- It eliminates the garage-dominated house façade. For most houses that feature an attached garage, the front of the house is dominated by the garage door. It can sometimes even take up almost as much space as the front of the rest of the house. This overpowering garage space is especially noticeable if your house is unusually small. In cases like this, a large attached garage can almost appear to swallow up a smaller house.
Of course, this is largely a matter of taste. Maybe this look doesn’t bother you. But if you’d prefer your house to be the main feature of attention instead of the garage, you might prefer the detached garage.
- It allows more room for expansion. Right now, you might be perfectly happy with the garage you already have or are planning to build. But who’s to say in the future, you won’t decide you need a bigger space? Or how do you know you won’t want to add some living space above the garage?
Expanding your garage is much easier to do if it’s detached. With an attached garage, your space is limited and largely dictated by the house space already in place. The detached garage allows you more freedom to build, expand and re-imagine.
- It allows more room for landscaping. Having your garage on the other side of the driveway means you have more usable space around the house. By not having an attached garage, you have room for all kinds of creative landscaping. You could add a few more flower beds, a cobblestone walkway or a goldfish pond. You might be able to add a patio area or even a kitchen garden.
Detached Garages: The Cons
- You’ll have to walk to it. Walking to and from a detached garage isn’t a hardship in the summer. It might even be a pleasant walk. It also isn’t typically an issue if you live in a mild climate.
However, if you live in a climate where the winters are harsh, you’ll have to walk from the garage to the house in the inclement weather. This means you’ll be exposed to any amount of wind, rain and snow. An attached garage, on the other hand, lets you exit your car in the safety of the garage and walk directly into the house without ever having to go outside.
- It’s less accessible. Even though the idea that a detached garage is isolated can be a pro because of the privacy it affords you, but it can also be a con as well. When your garage is attached, it’s an easy matter to go back in the house to grab something you forgot or visit the bathroom.
This walking back and forth becomes slightly less convenient when your garage is detached. It can be very frustrating to sit down and have your tools all set up only to realize you forgot something and need to trek back up to the house to get it.
- It takes up space in the yard. Not all houses have a lot of backyard space to spare. If you’re already a little tight on space, adding a detached garage can eat up a large chunk of your limited yard space.
This may turn out to be a benefit if you’re looking to cut down on the amount of yard that needs to be mowed and maintained. But it can be an inconvenience if you’re looking for a large yard space for kids and pets to enjoy.
- It’s more of a project to build. If you’re contemplating a building project, both detached and attached garages are completely viable options. Both are very doable, but the detached garage will most likely end up being just a little bit more work.
The reason for this is that with an attached garage, you’ll already have at least one, if not two, walls to work with. You might even be converting part of the house into a garage, which makes the work even more minimal.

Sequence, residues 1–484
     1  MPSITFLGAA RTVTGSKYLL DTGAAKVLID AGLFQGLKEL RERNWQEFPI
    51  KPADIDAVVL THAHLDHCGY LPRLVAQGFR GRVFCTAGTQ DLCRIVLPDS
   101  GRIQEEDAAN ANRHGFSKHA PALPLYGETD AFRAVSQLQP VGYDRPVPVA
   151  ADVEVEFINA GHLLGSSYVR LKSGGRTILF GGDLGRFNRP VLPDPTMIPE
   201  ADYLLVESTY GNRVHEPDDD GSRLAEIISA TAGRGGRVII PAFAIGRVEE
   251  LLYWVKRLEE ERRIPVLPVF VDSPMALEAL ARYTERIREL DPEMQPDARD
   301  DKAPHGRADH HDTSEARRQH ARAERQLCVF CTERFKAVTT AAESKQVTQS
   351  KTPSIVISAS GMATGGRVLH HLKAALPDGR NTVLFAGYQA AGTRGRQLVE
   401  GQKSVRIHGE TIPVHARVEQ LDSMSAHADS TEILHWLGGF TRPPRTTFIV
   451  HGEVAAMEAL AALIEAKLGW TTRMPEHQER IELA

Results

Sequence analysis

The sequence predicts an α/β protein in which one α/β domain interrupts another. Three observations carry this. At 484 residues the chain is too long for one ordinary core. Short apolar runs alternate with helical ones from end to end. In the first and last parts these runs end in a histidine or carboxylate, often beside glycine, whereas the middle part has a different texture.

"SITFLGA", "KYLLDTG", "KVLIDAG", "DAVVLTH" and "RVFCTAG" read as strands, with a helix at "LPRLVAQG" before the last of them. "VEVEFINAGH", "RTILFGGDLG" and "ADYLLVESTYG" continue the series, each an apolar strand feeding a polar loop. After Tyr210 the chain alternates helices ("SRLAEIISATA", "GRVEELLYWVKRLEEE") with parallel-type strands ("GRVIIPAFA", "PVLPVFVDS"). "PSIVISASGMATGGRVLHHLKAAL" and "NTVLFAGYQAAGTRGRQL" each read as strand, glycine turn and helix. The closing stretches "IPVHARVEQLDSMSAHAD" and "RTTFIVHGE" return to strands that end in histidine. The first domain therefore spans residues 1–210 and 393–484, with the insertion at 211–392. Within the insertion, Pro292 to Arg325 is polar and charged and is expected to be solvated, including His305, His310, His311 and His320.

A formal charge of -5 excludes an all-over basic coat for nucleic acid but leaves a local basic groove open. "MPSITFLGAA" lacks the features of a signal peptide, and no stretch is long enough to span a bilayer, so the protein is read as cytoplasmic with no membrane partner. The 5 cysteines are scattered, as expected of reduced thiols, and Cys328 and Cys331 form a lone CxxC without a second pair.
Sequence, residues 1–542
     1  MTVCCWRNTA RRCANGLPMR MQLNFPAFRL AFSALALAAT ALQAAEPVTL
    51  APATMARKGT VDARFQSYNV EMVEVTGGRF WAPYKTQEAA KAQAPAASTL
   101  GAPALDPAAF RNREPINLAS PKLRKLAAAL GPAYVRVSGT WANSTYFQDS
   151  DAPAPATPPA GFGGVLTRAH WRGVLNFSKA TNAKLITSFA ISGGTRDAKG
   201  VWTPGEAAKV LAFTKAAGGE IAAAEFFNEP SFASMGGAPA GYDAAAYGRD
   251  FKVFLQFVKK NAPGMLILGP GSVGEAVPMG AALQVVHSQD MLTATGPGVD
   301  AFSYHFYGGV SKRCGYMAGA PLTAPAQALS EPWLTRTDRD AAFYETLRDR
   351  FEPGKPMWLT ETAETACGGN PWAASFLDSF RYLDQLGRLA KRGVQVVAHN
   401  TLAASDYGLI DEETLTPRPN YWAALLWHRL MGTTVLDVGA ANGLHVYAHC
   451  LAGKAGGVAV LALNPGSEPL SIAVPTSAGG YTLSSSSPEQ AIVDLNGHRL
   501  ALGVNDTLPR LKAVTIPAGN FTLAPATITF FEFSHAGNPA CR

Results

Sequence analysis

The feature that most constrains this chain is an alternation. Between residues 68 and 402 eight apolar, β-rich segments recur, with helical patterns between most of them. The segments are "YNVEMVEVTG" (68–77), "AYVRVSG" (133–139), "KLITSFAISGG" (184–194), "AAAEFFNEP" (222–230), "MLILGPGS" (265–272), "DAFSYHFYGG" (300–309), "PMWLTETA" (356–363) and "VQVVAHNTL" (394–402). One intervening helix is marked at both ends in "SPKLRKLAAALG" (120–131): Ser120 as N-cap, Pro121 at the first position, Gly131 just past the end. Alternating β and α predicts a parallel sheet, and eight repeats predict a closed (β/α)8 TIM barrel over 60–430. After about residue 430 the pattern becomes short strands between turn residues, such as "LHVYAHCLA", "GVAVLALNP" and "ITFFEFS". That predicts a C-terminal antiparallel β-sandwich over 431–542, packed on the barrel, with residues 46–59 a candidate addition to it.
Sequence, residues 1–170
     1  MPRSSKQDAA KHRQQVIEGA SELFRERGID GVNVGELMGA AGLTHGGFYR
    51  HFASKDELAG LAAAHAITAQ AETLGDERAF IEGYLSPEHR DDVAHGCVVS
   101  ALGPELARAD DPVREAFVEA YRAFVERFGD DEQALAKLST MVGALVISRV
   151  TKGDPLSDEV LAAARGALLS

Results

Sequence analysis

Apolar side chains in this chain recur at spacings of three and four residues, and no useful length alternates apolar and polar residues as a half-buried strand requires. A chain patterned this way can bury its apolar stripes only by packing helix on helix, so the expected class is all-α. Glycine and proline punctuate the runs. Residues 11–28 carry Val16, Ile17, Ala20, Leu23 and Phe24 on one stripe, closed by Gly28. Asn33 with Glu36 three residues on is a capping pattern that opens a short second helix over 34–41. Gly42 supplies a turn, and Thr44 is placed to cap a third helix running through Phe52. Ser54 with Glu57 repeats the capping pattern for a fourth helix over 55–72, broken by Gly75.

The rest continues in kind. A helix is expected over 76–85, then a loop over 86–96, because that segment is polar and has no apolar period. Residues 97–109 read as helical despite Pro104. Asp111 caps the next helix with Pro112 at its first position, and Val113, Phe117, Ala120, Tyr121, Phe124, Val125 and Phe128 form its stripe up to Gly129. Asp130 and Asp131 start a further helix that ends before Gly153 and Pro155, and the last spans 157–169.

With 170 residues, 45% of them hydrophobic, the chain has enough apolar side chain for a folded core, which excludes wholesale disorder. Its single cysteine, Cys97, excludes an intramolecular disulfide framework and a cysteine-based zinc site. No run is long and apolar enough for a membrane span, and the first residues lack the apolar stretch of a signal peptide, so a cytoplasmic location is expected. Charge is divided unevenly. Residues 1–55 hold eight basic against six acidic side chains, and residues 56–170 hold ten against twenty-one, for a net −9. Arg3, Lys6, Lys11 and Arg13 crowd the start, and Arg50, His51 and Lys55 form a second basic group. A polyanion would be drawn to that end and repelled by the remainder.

Of course, there are unique situations where a detached garage might be working with an existing structure as well. If you’re renovating an old shed or carriage house, this bullet point might not apply. In most cases, however, building a detached garage mean starting entirely from scratch. This means more work is going to be needed to get your garage built.
- Utilities will be more expensive. Building or renovating a detached garage will also be a little bit of extra work because of the utilities involved. With an attached garage, the electricity is already wired into the house, so it’s a relatively small matter to extend it into the garage.
With a detached garage, more work is going to be involved in extending the electricity out to the other side or end of the driveway. The same applies for heating and cooling. If you’re going to be working out there in the winter, you’ll want some form of heating. This will almost certainly mean extra work and extra money to install.
Attached Garages: The Basics
Attached garages are a relatively new development in the world of house building, as they didn’t become popular until the 1950s. Most houses built before then will not have an attached garage, and even many built after that time still have the traditionally detached garage.
However, there are plenty of benefits to the attached garage, as proven by how popular they have become in recent years. Their size may vary, although they typically have enough space for either one or two cars. Most attached garages open directly into a mudroom, entry hall or kitchen.
It depends greatly on your individual needs and on the neighborhood and area where you live, but it could be that an attached garage is exactly what you’re looking for.
Attached Garage Advantages
- You don’t have to walk through the weather. When it’s raining, snowing or the wind is blowing fiercely, there’s nothing more convenient than having an attached garage. You simply drive in, close the door behind you and safely enter your house. You haven’t had to step outside and be exposed to the elements once.
While this point applies more to locations where the winters are harsh, it’s also applicable to places that are subject to extreme heat in the summer, too. By parking in an attached garage, you can transition from an air-conditioned car to an air-conditioned house without ever having to set foot outside in the heat.